So I really lucked out last night and was delighted by The Shadow of Brel. This one, directed by Sanjin Muftic, is a real goodie. It couldn’t be simpler. Godfrey, in shirt and tie, sits straight backed at the piano and sings Brel to his own masterful accompaniment. He has chosen a very good mix of songs, including the most popular ones like Carousel, If You Go Away and If We Only Have Love, but introducing a few most obscure and interesting and unusual songs like Next (my favourite), The Lockman, and Fannette.
Godfey was naturally a bit nervous last night, which made him take extra care. Once he settles in and relaxes I think he will let rip and the show will be a complete scorcher. A friend I was sitting next to said afterwards that Godfrey was ‘without artifice’ and I thought that that was a lovely way to describe the obvious simplicity and sincerity of this show. His voice and range are perfectly suited to the material, and his interpretations are from the heart, with deep understanding.
The venue is lovely and lends itself perfectly to this kind of intimate little cabaret. I loved the washing baskets turned over into tables. Yawazzi Fish (Jon Keevy and Sanjin), a newish and very exciting theatre company in Cape Town, are responsible for the staging of this show and the creation of a theatre space in Tabula Rasa, which is, really, a laundromat. The ability to do this successfully is brilliant. This kind of thinking is what makes me love Cape Town, but these teeny ventures have got to be supported to survive. It’s so easy to get there. If you are going down Roeland street, turn left at the set of robots into Canterbury street. Go past Ohrm’sÂ on your left. Tabula Rasa is on the opposite corner. This show is on until 20 Feb, and it’s a great one to get you there.
What an impressive premier of a local movie. The Labia was buzzing last night with friends, media and even the stars of this little movie, who had arrived for the first official screening.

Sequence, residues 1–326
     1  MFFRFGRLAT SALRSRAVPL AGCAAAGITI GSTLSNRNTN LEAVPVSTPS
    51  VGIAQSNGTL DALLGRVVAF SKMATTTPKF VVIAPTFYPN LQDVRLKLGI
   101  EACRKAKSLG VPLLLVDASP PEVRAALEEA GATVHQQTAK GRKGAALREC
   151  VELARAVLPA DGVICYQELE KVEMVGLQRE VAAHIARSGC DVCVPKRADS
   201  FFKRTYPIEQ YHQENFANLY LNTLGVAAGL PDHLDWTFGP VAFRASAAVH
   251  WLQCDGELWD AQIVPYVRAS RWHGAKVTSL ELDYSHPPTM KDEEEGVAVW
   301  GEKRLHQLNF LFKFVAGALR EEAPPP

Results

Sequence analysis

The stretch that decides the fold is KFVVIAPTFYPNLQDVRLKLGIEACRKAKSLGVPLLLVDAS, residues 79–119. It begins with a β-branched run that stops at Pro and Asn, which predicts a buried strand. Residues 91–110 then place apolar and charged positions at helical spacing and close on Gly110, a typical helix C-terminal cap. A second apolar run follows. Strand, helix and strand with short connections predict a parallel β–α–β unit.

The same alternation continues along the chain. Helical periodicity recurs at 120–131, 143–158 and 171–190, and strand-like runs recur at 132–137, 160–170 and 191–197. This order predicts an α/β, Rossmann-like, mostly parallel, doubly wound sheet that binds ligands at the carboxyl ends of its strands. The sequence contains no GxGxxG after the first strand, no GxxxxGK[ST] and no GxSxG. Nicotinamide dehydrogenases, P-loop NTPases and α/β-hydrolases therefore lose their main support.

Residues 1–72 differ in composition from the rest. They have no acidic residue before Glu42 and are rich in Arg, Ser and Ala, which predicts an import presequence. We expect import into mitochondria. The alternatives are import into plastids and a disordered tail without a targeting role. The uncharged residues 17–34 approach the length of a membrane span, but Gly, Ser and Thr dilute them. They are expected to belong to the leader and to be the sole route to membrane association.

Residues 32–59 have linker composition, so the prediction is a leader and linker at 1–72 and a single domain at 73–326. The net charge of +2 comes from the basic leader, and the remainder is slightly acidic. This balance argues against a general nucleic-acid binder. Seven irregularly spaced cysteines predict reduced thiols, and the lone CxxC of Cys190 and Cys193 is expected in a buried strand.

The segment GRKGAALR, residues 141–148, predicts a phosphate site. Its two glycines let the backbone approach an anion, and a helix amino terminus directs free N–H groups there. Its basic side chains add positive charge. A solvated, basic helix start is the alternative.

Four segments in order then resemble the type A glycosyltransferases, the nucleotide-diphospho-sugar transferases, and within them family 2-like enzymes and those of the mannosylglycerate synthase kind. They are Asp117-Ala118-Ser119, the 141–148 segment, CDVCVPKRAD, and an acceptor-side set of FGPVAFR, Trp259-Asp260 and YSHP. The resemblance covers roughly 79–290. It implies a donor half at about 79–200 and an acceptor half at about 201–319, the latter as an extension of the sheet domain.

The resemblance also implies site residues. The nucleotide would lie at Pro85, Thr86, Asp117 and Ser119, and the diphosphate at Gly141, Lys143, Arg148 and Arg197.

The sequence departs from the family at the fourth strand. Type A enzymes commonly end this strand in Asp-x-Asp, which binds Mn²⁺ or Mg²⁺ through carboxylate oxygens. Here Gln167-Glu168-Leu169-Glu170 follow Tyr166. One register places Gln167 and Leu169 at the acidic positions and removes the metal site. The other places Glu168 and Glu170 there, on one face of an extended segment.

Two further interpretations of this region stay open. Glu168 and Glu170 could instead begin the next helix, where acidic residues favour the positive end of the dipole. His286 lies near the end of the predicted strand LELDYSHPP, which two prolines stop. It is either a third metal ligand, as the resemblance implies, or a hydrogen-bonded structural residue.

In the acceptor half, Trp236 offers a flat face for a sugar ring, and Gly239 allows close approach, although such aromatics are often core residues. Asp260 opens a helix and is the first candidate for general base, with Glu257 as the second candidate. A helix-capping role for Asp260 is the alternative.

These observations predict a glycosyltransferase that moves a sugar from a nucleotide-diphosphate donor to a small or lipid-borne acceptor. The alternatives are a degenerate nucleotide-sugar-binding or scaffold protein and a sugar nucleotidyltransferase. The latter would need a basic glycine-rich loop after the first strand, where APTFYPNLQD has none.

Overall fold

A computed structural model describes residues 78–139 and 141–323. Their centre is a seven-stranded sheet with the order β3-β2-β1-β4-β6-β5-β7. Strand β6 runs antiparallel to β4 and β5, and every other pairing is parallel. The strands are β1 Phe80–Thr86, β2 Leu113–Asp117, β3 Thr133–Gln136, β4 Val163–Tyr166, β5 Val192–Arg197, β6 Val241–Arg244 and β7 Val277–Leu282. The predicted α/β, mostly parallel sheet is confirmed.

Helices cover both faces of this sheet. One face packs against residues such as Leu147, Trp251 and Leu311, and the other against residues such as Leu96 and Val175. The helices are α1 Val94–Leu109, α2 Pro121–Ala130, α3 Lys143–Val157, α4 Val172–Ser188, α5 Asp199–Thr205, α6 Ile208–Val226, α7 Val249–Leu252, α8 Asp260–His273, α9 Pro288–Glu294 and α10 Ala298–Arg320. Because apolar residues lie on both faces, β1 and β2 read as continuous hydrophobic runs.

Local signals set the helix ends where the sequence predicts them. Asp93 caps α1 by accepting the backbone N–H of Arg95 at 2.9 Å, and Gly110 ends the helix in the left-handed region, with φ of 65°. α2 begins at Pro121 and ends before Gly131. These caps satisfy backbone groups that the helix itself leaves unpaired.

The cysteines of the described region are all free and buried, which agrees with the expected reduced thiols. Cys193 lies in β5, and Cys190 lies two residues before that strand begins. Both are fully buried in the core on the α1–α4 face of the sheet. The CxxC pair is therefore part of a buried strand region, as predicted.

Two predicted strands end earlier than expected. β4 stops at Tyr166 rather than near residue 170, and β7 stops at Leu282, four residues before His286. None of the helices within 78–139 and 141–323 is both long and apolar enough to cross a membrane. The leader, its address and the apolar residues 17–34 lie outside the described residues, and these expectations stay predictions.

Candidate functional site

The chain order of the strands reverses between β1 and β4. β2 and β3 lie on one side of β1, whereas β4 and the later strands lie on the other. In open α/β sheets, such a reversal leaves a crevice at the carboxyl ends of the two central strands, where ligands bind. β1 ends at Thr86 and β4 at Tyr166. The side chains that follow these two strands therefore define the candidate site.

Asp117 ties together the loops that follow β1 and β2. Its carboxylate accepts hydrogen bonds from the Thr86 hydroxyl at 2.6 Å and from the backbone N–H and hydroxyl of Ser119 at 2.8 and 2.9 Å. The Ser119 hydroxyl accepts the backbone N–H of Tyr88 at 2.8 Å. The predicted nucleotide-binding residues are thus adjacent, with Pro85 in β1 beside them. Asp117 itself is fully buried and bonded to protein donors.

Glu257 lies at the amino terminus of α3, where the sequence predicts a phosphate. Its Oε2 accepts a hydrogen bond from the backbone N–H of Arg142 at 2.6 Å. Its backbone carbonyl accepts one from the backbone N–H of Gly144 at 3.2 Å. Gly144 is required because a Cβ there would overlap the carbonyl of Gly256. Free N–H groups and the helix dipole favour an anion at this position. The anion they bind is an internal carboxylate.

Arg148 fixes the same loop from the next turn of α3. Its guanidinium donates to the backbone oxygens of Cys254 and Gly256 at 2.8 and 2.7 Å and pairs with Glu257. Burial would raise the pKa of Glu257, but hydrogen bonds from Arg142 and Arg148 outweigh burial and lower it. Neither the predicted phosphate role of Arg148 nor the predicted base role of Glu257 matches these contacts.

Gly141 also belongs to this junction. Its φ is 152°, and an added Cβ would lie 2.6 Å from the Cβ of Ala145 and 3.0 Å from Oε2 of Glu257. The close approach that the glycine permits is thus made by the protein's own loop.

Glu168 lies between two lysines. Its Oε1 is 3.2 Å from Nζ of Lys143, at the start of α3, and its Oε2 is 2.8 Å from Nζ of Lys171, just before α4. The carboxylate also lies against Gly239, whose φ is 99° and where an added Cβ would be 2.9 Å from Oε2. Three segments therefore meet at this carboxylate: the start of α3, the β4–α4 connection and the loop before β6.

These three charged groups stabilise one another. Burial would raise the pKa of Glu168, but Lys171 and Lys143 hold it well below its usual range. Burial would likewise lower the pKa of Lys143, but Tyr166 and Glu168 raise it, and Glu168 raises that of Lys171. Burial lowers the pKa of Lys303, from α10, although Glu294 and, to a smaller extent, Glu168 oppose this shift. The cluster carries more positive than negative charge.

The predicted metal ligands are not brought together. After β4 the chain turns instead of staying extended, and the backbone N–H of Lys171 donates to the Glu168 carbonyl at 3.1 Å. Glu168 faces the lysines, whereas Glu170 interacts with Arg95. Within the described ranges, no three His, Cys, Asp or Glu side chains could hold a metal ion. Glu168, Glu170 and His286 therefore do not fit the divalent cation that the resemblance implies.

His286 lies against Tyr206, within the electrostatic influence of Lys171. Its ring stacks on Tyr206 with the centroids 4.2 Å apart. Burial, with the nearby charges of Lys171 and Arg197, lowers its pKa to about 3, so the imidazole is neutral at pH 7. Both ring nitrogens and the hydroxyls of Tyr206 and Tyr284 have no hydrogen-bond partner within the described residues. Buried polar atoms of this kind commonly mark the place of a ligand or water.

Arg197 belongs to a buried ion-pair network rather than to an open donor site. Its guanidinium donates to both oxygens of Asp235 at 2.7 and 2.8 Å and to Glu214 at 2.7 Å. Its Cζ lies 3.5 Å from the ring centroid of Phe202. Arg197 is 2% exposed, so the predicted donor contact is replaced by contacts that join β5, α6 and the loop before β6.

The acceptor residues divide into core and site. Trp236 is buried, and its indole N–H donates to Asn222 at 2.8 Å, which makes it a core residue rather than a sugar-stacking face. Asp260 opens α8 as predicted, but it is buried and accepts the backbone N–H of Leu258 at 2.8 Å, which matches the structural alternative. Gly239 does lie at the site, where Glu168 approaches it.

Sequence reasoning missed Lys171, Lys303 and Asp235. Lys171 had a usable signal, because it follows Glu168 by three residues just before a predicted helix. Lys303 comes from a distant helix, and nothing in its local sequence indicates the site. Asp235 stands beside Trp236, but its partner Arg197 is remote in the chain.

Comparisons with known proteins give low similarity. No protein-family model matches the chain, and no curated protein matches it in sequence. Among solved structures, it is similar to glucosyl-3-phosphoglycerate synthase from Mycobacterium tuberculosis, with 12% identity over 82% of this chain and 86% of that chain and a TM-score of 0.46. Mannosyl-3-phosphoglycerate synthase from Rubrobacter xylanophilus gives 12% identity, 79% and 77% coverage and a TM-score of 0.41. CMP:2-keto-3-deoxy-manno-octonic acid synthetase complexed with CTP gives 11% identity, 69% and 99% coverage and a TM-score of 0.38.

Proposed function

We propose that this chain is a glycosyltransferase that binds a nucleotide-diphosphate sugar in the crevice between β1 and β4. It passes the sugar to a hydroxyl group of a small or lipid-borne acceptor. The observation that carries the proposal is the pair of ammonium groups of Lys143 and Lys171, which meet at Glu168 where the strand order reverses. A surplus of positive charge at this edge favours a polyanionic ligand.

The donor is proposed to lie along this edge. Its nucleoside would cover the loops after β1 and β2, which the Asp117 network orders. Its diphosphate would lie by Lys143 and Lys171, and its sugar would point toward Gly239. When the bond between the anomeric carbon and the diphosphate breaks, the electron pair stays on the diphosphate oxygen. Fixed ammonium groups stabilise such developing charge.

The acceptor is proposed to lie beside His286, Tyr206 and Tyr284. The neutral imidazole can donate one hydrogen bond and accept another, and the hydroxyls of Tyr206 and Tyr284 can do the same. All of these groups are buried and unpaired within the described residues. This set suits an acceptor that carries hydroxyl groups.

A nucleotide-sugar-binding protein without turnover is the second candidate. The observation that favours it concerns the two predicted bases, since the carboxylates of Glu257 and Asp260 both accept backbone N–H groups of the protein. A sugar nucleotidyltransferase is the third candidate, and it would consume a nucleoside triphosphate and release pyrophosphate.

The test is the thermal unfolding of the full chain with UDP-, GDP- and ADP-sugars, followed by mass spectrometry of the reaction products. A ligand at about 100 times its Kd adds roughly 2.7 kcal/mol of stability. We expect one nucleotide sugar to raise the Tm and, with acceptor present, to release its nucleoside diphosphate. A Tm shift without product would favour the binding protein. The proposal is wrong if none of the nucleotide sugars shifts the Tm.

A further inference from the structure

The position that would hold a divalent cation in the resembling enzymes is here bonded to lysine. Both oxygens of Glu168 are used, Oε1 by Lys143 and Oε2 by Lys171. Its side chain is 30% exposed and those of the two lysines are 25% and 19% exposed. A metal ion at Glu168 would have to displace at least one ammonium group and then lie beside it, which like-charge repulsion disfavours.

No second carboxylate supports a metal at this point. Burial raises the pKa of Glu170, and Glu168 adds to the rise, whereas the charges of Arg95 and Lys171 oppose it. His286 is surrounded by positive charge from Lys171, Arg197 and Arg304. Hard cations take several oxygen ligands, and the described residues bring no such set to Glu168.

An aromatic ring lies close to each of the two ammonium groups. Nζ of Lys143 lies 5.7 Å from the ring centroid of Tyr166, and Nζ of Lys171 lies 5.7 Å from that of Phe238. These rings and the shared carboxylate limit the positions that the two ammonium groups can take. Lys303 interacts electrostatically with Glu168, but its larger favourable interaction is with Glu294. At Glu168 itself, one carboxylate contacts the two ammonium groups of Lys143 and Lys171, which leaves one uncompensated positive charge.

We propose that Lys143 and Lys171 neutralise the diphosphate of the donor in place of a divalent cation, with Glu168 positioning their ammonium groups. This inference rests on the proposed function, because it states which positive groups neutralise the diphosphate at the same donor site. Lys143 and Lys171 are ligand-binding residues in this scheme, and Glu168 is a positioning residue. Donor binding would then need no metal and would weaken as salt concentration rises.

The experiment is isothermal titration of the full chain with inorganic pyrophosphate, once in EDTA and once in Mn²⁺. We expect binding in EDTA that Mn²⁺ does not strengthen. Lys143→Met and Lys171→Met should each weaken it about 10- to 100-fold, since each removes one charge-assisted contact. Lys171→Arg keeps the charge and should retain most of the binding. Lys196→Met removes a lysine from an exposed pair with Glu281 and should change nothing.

The Satyr of Springbok Heights is produced, directed and written by Robert Silke, who had all sorts of help from everybody involved on lots of levels, and so it’s this collaborative effort that makes the film work.
It’s all about this block of flats across the way from the Company Gardens in the middle of town, its history, design, and the people who lived, and live there, including a Satyr!
The movie is a mocumentary in the style of Confetti and I love the genre. There are two streams to the film; ‘real’ interviews with people who play themselves, talking about the block, Springbok Heights, and actors playing the people who live there. The ‘real’ people are architecture professor Fabio Todeschini, John Caviggia who knows everything about every style and period of everything, being a drama expert, and Sunday Times columnist Lin Sampson, who, slumped and virtually immobile in her chair, is hilarious and totally weird. Oh, and there are two excellent and very real cameos from two delightful street people, one very friendly and one not so very.
Some of the actors are Godfrey Johnson, who plays Wouter Malan, Victoria Caballaire who plays Hilda Steyn, Nicholas Spagnoletti who plays poor Nathan Golding and Nicole Franco who plays one part of a ‘lebanese’ couple. This is where the movie gets a little uneven. While the characters are huge and hilarious, the performance style is a little too big for the fake documentary style. Most successful is Nicholas Spagnoletti who underplays poor Nathan Golding perfectly. The others are terribly funny, but not very ‘real’, and even though I loved huge Hilda Steyn, I would have preferred slightly more ‘naturalistic’ performances.
That, and the funny way Lin Sampson referred to everybody in the past tense, were my two sticking points. Otherwise, I think the whole thing was quite fabulous. I loved Sean Michau’s music. I loved Nigel Murphy’s off screen interviews. I loved John Caviggia because he is so entertaining, and I mostly loved the fact that with no budget at all, Robert and his friends and connections made a full length feature and bladdy well put it on. Bravo to all involved!